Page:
Regardless of who gets the most screentime or how it affects moviemaking, 'Endgame is worth paying full price to see at the theatre.

Oh, and before we move on to the spoilers, here's a pro tip: When I went to see it, immediately before the film started, one of the theatre staff came to the front and announced that if anyone was worried about running out for a washroom break in a film this long, her recommendation was that they leave around either the 55 minute or the 1 hour and 45 minute mark. After the fact, that seemed about right to me.

Now, if you don't like spoilers, you can go back to adapting Manimal into a colouring book for adults.


Now, turning to a more in-depth dissection of  Bill & Ted's Superheroic Romp, er, Avengers:Endgame, where, just like the Wyld Stallyns and sit-up champ Chuck De Nomolos, the Marvel heroes too can apparently play the time game.

Some general thoughts:

The Good:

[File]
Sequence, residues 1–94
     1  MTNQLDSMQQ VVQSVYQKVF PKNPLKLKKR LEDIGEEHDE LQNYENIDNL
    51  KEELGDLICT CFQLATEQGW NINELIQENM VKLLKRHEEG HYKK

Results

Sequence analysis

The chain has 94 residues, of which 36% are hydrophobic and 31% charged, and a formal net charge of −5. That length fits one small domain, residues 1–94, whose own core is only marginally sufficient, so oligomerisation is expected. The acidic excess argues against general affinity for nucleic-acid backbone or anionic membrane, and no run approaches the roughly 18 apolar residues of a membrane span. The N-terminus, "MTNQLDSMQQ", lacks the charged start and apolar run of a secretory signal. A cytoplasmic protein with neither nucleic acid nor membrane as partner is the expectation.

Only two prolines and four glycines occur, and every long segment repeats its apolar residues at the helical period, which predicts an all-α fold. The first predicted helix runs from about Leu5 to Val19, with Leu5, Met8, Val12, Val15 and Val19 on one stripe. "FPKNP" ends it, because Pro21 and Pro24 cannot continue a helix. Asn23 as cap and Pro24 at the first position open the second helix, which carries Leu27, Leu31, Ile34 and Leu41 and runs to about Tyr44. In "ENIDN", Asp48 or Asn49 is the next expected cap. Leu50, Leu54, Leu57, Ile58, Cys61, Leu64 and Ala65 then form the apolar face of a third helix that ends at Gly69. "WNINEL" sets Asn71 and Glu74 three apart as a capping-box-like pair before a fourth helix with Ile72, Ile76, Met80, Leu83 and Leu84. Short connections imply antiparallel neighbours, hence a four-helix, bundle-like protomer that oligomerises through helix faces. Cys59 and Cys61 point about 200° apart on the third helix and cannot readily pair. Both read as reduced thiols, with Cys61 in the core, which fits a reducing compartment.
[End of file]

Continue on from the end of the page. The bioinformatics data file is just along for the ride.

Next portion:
There were some elements of fan servicing, specifically for the actual comics fans in the audience, that worked nicely. The first was presenting Bruce Banner five years after the dusting as the Merged Hulk/Professor Hulk. As somebody who was collecting Hulk comics back in the early 90s, I appreciated the filmmakers using this old plot thread as a way to develop Banner's character. Having Banner say something to the effect of having worked some things out was as succinct a nod to the comic as possible, without getting into the whole examination of the Green Hulk, the Grey Hulk/Joe Fixit, and Banner as a Freudian id/ego/superego manifestation as a reaction to childhood abuse. And the fact that they had him grumble about Hulk's old smashing habits was funny. The next treat for comics fans, though from a far more recent storyline, was Cap saying "Hail Hydra" in the elevator, as an homage to the Secret Empire storyline (which I didn't follow). Lastly: Howard the Duck. Those of us who know about Howard's long association with the superheroes of Marvel Comics (especially his team-ups with She-Hulk) thought it was just ducky when Howard made a cameo on Guardians of the Galaxy in the wreckage of The Collector's gallery. And now, here at the end of all things, when Black Panther, Doctor Strange, Starlord and the others lead a legion of warriors from the dust returned to do battle with 2014 Thanos' armies, Howard is among them. The shame of it is that in all of the action, I missed seeing Howard among the crowd. In fact, I left the theatre mildly disappointed that he wasn't (I thought) going to make a cameo in 'Endgame. Thankfully, the internet put my mind at ease — I checked when I got home, and someone had already posted a grainy picture of Howard emerging from a portal behind The Wasp along with a bunch of other honked-off fighters, and I felt better. When I eventually do a rewatch, I'll be doing a little duck hunting — paying extra close attention to the backgrounds of the scenes from the final battle to see if I can spot Howard myself. At any rate, I'm happy he made it in, even if the Jade Giantess isn't fighting by his side.